Scelsi was a true innovator, and developed an idea of a 'spherical' sound which he translated through microtonal elements in his music. Much like the Surrealists before him, Scelsi was fascinated by the concept of automatic and intuitive improvisation, which he used to create works such as La nascita del Verbo (1948), Quattro pezzi su una nota sole (1959) and String Quartet No. 4 (1963), recorded séance-like on a tape recorder. He collaborated with American composers such as John Cage, Morton Feldman and Earle Brown, and became a source of inspiration for Ennio Morricone's Gruppo di Improvvisazione di Nuova Consonanza. However, Scelsi remained largely unknown for most of his career and he stopped composing in the late 1970s. The Parisian group Itinéraire declared Giacinto Scelsi the father of the avant-garde in 1982, and a series of concerts in the late 1980s debuted many of his pieces to great acclaim shortly before the composer's death. The impact caused by the late discovery of Scelsi's works was described by Belgian musicologist Harry Halbreich: 'A whole chapter of recent musical history must be rewritten: the second half of this century is now unthinkable without Scelsi [...] He has inaugurated a completely new way of making music, hitherto unknown in the West' (Halbreich quoted in P. A. Castanet, Giacinto Scelsi aujourd'hui: actes des journées européennes d'études musicales consacrées à Giacinto Scelsi (1905-1988), Paris, 2005, p. 191).
In 1987, Scelsi founded the Isabella Scelsi Foundation and presided over it until his death in 1988. He named the Foundation after his sister Isabella, to whom he had remained close throughout his life. The Foundation is dedicated to the study and dissemination of his work, and the support of new music.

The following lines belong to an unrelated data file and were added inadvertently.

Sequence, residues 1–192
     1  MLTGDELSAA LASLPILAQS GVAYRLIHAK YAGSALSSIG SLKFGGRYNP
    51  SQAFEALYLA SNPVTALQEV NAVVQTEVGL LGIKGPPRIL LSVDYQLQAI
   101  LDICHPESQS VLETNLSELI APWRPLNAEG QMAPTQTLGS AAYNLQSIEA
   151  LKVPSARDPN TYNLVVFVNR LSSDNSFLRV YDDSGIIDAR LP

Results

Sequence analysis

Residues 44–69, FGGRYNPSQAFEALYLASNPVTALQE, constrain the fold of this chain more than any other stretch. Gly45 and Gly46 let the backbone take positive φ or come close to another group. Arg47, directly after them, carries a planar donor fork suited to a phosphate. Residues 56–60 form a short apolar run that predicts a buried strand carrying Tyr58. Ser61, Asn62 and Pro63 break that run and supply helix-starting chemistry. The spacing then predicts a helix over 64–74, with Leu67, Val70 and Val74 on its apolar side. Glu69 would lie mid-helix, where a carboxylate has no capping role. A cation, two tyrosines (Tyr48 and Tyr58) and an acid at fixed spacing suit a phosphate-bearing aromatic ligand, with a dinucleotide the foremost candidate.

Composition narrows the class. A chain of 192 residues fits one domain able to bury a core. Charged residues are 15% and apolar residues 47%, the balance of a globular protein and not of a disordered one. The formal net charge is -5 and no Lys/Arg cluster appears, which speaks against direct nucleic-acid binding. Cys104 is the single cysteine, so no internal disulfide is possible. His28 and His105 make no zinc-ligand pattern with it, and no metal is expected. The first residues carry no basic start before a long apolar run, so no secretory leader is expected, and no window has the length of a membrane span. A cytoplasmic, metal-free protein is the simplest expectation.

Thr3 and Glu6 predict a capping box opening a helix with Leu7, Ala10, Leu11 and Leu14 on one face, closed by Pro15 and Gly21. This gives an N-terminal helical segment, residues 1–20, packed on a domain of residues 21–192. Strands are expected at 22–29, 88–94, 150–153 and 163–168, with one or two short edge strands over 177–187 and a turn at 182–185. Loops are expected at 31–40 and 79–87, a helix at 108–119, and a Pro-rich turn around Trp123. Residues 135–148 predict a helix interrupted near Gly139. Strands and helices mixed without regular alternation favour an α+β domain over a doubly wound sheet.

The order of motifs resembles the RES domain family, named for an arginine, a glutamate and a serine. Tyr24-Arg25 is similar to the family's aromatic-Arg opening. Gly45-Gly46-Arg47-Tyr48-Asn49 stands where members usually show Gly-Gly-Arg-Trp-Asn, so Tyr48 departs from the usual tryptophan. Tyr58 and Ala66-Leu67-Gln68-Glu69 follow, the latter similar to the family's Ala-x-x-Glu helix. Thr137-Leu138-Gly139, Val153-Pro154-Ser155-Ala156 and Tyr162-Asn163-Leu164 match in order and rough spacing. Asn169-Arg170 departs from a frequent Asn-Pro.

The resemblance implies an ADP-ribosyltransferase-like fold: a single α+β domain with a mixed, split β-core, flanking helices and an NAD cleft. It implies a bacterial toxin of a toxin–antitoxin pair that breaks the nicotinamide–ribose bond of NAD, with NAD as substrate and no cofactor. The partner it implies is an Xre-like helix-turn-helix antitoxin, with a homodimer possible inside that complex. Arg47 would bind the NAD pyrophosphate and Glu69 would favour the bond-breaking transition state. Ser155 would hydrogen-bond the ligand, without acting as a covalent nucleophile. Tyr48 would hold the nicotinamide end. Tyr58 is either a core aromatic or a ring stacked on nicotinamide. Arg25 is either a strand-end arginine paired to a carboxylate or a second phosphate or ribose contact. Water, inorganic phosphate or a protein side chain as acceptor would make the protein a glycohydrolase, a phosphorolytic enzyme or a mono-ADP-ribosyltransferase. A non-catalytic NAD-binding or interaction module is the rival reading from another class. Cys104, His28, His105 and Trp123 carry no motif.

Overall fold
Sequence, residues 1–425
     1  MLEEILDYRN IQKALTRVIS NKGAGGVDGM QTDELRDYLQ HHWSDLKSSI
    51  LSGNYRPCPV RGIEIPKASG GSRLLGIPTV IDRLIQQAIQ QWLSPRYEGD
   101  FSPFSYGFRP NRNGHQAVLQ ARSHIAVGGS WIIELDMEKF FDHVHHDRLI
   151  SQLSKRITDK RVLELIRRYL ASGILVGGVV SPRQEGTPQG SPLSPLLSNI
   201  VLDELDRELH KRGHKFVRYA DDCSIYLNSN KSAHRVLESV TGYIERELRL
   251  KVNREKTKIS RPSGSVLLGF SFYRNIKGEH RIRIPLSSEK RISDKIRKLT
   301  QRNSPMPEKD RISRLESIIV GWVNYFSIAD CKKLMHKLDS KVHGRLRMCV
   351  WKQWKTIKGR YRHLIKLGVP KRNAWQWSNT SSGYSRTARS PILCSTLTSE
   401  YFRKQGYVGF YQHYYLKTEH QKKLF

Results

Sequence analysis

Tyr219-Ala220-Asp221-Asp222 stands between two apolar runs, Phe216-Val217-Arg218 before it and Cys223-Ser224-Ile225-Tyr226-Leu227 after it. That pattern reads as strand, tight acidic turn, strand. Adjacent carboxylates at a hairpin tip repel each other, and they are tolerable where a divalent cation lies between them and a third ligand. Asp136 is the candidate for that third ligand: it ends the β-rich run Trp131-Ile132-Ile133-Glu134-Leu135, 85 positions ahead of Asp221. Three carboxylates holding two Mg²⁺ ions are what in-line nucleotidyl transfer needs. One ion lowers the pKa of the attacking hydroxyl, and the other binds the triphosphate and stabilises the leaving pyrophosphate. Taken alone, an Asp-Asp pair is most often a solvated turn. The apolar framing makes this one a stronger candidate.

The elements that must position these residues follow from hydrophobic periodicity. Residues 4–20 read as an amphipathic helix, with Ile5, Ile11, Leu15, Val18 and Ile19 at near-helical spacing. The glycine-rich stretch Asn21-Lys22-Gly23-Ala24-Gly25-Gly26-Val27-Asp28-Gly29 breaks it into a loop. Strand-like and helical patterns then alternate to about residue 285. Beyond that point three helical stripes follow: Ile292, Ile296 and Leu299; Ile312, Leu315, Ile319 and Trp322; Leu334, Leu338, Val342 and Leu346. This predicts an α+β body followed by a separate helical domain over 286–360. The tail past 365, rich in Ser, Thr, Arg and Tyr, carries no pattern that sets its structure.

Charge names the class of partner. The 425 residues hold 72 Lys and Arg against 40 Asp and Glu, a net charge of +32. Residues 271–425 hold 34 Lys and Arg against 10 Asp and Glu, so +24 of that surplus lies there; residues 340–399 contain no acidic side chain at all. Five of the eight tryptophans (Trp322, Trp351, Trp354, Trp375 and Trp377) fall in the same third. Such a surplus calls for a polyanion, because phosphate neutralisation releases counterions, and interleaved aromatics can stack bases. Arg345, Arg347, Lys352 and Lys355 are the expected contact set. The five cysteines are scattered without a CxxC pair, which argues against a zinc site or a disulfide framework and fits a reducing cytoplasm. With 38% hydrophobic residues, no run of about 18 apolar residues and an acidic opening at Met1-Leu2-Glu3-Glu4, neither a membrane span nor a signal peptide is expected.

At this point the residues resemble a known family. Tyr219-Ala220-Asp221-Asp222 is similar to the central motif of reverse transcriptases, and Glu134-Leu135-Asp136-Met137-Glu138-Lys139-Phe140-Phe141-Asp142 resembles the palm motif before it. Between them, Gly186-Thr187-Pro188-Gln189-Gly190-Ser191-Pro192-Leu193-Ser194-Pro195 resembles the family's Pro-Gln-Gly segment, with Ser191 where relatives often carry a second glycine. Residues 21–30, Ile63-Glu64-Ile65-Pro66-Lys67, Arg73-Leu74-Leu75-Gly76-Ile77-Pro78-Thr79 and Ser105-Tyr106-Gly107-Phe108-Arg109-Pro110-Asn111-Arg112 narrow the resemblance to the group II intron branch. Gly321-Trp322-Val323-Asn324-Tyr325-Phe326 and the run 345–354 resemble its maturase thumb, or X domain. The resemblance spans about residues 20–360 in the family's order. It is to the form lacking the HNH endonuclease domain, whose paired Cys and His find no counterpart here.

Issuing from the height of his Surrealist period, Couple aux têtes pleines de nuages foregrounds some of the most iconographic elements of Salvador Dalí's best-known works. Painted at a time of huge personal and political change, the innovative format of the present work and the fascinating provenance place it as one of the most important works by this extraordinary artist ever to appear at auction.
The Catalan artist's involvement with the Surrealist movement and his passionate relationship with his future wife Gala both began in the same year, and from then on, his romantic life and his practice would forever be entwined. Dalí first met the Surrealist poet Paul Éluard (thought to be the first owner of the present work) in early 1929 whilst staying in Paris to film Un Chien Andalou with Luis Buñuel. Through Éluard, Dalí was introduced to the wider Surrealist circle and he invited members of the group to stay with him in Cadaqués that summer. Amongst the party who visited were Magritte and his wife Georgette, along with Éluard's wife, the Russian-born Elena Ivanovna Diakonova, known as 'Gala'.
Dalí's relationship with the growing Surrealist group was subsequently cemented by his first solo exhibition in the November of that year, held at the Galerie Camille Goemans in Paris. Accompanied by a catalogue prefaced by André Breton ('it is, perhaps, with Dalí, the first time that the mental windows have opened wide' – Breton quoted in D. Ades, Dalí, London, 1982, p. 84), it was heralded as a great success. Aged just twenty-five, Dalí was now regarded as one of the leading lights of the Surrealist circle.
Breton, who had formed the heart of the Surrealist group since writing the First Manifesto of Surrealism in 1924, had originally been inspired by the writings of Sigmund Freud, who suggested that our unconscious mind contains unspoken desires and thoughts that our conscious self refuses to acknowledge. The Surrealist group sought to unlock these through automatism and the analysis of dreams, embracing and celebrating the accidental and the irrational. Dalí met Freud in person in 1938 to sketch his portrait, but sought to interpret his ideas in his own unique way, which he coined as the 'paranoiac-critical method'. The artist sought to play with the viewer's own paranoid and subjective mind to read alternative meanings into the images presented in a composition. This freely-associated imagery differed from the automatic method of other Surrealists, as in Dalí's work each motif or nuance was carefully staged and planned to provoke a desired reaction.
By the time Couple aux têtes pleines de nuages was painted however, Dalí's relationship with Breton was showing signs of tension, anticipating his eventual expulsion from the Surrealist group in 1939. By then, Breton had named Dalí 'Avida Dollars', a derogatory anagram of the Spanish...